A stretcher flap is a type of trailing edge flap
A stretcher flap is a type of trailing edge flap used in aircraft design to increase lift and drag. It is a simple hinged panel that extends aft from the trailing edge of the wing when deployed. The main purpose of a stretcher flap is to increase the maximum lift coefficient of the wing, allowing for a lower takeoff and landing speed. Additionally, it can also be used to increase the drag coefficient of the wing, which is useful for steep descents and landings.
Stretcher flaps are typically found on smaller general aviation aircraft, such as light twins and single-engine planes. They are less common on larger commercial aircraft, where more complex and efficient flap designs are used. However, stretcher flaps remain a popular choice for their simplicity and low cost.
Design and Operation
A stretcher flap is a relatively simple device, consisting of a hinged panel that extends aft from the trailing edge of the wing. The panel is typically rectangular in shape, with a length and width that varies depending on the size of the aircraft and the desired amount of lift and drag.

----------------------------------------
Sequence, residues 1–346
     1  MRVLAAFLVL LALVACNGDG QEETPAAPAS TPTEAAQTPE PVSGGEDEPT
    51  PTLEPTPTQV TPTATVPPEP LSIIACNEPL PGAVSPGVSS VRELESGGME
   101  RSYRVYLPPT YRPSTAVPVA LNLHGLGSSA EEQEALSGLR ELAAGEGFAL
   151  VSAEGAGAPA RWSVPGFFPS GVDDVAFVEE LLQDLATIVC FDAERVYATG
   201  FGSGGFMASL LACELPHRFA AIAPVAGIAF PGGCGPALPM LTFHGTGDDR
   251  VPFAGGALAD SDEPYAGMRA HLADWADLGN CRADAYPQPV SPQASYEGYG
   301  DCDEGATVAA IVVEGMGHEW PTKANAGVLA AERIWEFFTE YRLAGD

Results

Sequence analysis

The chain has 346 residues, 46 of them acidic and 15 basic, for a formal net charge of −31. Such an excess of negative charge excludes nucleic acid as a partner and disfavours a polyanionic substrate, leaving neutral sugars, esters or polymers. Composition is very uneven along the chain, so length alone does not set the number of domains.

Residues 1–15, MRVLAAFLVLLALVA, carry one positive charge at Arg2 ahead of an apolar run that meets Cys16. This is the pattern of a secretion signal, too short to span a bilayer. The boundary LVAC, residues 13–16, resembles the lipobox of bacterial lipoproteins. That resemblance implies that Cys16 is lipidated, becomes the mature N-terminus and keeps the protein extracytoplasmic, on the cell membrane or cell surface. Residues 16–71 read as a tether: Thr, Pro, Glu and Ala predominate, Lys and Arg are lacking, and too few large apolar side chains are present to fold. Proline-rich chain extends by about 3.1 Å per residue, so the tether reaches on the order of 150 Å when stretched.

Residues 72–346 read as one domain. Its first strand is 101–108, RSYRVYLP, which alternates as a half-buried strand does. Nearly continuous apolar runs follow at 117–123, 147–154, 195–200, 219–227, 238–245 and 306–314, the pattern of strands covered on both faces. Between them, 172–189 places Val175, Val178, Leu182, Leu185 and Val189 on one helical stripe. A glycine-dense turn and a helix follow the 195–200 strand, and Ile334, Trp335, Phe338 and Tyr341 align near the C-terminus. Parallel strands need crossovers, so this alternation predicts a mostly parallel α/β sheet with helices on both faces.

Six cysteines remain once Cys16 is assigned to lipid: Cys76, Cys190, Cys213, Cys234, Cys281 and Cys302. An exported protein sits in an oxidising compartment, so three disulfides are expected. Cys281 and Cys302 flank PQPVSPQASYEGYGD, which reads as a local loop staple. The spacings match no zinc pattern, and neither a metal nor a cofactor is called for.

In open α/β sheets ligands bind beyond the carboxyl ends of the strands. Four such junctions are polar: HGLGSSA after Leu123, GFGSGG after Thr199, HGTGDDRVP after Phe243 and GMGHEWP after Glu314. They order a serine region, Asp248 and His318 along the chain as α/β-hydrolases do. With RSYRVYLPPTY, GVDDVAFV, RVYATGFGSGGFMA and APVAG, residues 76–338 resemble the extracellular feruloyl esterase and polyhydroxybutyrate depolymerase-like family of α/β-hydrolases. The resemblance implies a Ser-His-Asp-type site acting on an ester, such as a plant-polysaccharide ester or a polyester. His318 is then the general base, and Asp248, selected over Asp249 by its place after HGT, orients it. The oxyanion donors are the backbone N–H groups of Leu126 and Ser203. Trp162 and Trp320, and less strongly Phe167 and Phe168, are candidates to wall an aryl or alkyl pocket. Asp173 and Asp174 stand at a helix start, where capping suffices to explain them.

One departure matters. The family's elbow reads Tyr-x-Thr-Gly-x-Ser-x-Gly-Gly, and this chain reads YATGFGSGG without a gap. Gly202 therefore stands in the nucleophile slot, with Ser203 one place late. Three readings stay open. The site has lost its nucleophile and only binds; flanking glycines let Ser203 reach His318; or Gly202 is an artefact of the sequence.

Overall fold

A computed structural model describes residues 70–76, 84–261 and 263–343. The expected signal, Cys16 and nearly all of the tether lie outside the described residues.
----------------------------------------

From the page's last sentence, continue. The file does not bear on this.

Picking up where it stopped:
When the flap is deployed, it increases the effective camber of the wing, which in turn increases the maximum lift coefficient. This allows the aircraft to generate more lift at a given angle of attack, reducing the required takeoff and landing speed. At the same time, the increased camber also increases the drag coefficient of the wing, which can be useful for steep descents and landings.
are typically operated manually, using a lever or switch in the cockpit. They can be deployed in stages, with each stage increasing the amount of lift and drag generated by the wing. Some aircraft also feature automatic or semi-automatic flap systems, which deploy the flaps based on airspeed, altitude, or other flight parameters.